[1] https://en.wikipedia.org/wiki/The_seven-year_itch

[2] Hebrews 13:8

EL PASO, DAYTON, & GILROY

EL PASO, DAYTON, & GILROY

Editor’s Note: The most shocking thing about the three mass murders that happened last week is that they are no longer shocking. Heart-breaking, yes, but not shocking. Of the comments and opinions I’ve read on these events, John Stonestreet’s, President of the Colson Center for Christian Worldview, were the most coherent. I’m reprinting them here for your edification. Links to the podcast, the response by Marvin Olasky, of World News Group, and an article I wrote on the topic last year follow. DS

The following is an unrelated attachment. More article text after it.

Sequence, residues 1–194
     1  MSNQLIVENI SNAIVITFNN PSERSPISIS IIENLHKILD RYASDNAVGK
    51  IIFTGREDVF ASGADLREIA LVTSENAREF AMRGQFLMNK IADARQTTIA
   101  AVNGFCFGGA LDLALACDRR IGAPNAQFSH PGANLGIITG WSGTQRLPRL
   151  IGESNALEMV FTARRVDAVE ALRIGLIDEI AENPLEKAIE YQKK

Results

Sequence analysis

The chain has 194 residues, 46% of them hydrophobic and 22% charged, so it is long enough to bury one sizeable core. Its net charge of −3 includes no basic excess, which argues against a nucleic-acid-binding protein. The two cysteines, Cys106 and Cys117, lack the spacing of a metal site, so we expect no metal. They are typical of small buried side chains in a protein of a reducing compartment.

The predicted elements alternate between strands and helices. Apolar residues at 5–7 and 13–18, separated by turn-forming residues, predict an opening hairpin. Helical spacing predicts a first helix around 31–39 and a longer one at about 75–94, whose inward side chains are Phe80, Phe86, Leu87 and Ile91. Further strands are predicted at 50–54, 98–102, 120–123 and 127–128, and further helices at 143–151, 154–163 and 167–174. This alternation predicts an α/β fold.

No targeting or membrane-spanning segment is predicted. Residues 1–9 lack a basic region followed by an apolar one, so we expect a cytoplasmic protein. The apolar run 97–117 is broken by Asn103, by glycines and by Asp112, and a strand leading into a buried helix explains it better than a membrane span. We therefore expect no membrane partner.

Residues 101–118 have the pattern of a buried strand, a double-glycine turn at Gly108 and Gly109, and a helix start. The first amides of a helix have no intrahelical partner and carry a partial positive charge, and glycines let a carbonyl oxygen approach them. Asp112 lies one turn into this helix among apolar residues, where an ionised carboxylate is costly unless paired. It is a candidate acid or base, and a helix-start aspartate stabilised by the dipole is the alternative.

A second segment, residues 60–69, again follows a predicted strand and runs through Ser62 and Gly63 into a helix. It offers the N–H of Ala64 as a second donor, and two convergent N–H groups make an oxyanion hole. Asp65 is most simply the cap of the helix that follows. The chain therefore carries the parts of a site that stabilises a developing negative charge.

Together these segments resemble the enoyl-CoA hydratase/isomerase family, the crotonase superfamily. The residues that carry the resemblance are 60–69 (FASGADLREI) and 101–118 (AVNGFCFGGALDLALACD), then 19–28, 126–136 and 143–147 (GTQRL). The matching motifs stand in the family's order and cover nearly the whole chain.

El Paso, Dayton, and Gilroy

The Heart of the Matter

John Stonestreet, Breakpoint, August 6, 2019

“If only there were evil people somewhere insidiously committing evil deeds,” Aleksandr Solzhenitsyn wrote, “and it were necessary only to separate them from the rest of us and destroy them.”

Of course, there are evil people. We know that far too well, especially after this past weekend. In fact, that there are evil people out there is the one thing, maybe the only thing, everyone still agrees on. We disagree on who the people are: The evil shooter. The evil racist president. The evil progressives who want to take our guns. So we go on and on, identifying who the evil people are—always them—and we go on and on missing the real problem right in front of our face.

Solzhenitsyn’s point wasn’t, as some argue, that people aren’t really evil. Far from it. His point was that to assume evil exists only in them (whoever our “them” is) and not in us, is just plain wrong. Rather, as he continued: “… the line dividing good and evil cuts through the heart of every human being.”